DescriptionAs part of my AHRC leadership fellowship (Crafting Knowledge in the Early Medieval West: Glosses, Learning, and Culture, circa 800-1050), I organised and hosted with Dr Ciaran Arthur a major international colloquium entitled "Crafting Knowledge in the Early Medieval Book: Practices of Collecting and Concealing" (Queen’s University, Belfast).
Originally planned for June 2020, the colloquium was reworked into an online event due to the pandemic. It was organised with Dr Ciaran Arthur, a postdoctoral fellow at NUI, Galway. The colloquium brought together American, Continental, Irish and UK academics working on early medieval epistemology, encyclopaedism, glossing, and obscurity in different historical contexts (medieval Ireland, Anglo-Saxon England, and Carolingian Europe). The aim of the colloquium was to have a transformative impact on the study of glosses by bringing it in line with mainstream intellectual history and current research on cryptography and the creation of knowledge.
The colloquium comprised distinguished scholars in the field of early medieval intellectual history from America, Canada, France, Germany, Ireland, Italy, Norway, the Netherlands and the United Kingdom. Members of prestigious centres (the Department of Anglo-Saxon, Norse and Celtic, Cambridge; Centre national de la recherche scientifique, Paris; the Huygens Institute, ING, Amsterdam) were invited to participate.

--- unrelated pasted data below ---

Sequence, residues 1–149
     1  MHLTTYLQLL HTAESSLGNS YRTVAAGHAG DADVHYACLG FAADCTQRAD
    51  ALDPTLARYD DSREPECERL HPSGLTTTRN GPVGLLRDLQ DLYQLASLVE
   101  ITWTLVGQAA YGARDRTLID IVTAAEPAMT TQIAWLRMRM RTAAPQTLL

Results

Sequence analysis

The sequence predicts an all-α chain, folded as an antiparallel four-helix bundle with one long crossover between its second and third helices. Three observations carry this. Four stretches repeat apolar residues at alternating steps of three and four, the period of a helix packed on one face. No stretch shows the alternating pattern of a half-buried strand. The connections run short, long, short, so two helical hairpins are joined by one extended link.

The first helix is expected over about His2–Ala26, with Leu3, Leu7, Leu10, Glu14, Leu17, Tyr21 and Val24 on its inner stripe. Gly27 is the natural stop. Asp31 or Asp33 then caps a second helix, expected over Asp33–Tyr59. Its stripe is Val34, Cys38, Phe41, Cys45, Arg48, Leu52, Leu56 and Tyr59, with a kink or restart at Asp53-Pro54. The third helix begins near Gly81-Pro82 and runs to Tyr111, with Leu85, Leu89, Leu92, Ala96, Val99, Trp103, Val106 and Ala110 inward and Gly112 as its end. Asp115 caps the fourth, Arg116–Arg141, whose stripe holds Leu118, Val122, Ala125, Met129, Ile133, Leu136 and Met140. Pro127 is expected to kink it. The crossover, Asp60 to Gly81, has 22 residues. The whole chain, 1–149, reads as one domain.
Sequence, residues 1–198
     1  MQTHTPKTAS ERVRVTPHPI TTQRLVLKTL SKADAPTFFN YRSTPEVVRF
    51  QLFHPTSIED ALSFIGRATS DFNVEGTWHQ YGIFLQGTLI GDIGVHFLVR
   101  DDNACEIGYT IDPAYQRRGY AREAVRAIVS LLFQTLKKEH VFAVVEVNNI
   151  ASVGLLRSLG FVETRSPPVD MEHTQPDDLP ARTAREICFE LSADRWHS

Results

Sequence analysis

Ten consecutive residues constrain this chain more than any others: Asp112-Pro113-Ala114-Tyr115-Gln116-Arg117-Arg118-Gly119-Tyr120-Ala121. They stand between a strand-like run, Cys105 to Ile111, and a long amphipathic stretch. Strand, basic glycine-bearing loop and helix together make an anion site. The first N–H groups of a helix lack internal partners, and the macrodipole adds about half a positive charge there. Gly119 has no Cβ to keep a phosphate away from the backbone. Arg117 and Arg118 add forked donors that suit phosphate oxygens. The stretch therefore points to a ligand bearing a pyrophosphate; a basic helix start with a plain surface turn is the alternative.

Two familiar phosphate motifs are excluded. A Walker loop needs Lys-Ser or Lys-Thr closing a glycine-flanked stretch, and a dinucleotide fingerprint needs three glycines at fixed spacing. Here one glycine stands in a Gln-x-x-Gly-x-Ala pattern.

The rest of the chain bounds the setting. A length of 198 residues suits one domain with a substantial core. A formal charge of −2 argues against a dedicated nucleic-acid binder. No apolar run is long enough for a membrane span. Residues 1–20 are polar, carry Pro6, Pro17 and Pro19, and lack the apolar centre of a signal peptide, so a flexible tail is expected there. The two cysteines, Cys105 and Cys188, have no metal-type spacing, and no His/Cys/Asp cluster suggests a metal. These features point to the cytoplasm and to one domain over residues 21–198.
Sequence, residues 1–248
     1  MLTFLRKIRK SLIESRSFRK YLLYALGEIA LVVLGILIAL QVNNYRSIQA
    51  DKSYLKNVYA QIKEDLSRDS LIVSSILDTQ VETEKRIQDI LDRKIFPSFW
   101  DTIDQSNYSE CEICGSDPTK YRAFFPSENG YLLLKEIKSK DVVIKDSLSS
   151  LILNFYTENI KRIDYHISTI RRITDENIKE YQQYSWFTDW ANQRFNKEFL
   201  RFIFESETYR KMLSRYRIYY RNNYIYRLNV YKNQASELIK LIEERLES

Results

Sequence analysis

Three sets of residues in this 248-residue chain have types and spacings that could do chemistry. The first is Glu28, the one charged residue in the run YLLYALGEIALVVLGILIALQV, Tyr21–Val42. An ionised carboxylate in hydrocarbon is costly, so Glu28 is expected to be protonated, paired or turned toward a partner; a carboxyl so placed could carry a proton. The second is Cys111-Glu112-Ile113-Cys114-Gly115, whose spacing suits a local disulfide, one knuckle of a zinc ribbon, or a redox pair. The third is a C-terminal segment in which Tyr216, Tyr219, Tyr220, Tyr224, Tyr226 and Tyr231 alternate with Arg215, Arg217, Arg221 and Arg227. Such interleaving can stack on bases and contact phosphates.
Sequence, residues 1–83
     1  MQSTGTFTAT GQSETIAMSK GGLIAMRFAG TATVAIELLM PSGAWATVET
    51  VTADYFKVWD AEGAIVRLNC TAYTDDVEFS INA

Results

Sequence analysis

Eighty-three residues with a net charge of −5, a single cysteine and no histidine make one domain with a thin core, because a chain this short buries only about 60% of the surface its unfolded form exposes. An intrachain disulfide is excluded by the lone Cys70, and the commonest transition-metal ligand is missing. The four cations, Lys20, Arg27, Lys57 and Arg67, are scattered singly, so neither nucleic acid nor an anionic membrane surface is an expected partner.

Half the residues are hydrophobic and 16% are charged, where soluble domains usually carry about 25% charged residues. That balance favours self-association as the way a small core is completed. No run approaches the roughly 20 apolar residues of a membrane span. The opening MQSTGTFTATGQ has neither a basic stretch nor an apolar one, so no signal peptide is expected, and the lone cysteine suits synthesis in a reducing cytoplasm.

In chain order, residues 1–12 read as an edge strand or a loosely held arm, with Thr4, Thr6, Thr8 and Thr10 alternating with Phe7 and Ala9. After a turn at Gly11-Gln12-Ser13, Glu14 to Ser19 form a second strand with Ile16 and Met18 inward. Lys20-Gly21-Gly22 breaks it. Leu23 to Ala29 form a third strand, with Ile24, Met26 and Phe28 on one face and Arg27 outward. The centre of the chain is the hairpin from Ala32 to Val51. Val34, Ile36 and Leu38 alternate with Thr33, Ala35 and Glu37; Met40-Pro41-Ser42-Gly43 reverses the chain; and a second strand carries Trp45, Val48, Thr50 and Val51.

Plans are firmly in place to edit the proceedings of the colloquium. A book proposal has been sent and accepted by Brepols, a leading publisher in the field of early medieval textual culture. The book was originally part of the design of the colloquium, which has been in preparation since 2019. Before the colloquium, speakers were asked to submit draft essays and experts in the field of early medieval intellectual culture from America, Austria, Canada, Finland, Germany, and the Netherlands were invited to review the draft essays. The volume will be of value to all interested in a range of disciplines, especially classicists, late antique and early medieval historians, and anyone working on or interested in the dynamics of crafting knowledge.
The colloquium built on previous collaborations, fellowships, and projects, including collaboration on an international scholarly project at the Huygens Institute (2004-2009); co-organisation of an international conference in Den Haag and at the Scaliger Institute, Leiden (2008); Scaliger Fellowship, Leiden (2005), and membership of the Network for the Study of Glossing since its foundation in 2015 and participation in its events. A further opportunity to harness the potential of these links was afforded by a Leverhulme International Academic Fellowship in 2017 that provided residential fellowships at the Huygens Institute, Amsterdam and CNRS, Paris.
|Period||12 Jul 2021 → 13 Jul 2021|
|Location||Belfast, United Kingdom|
|Degree of Recognition||International|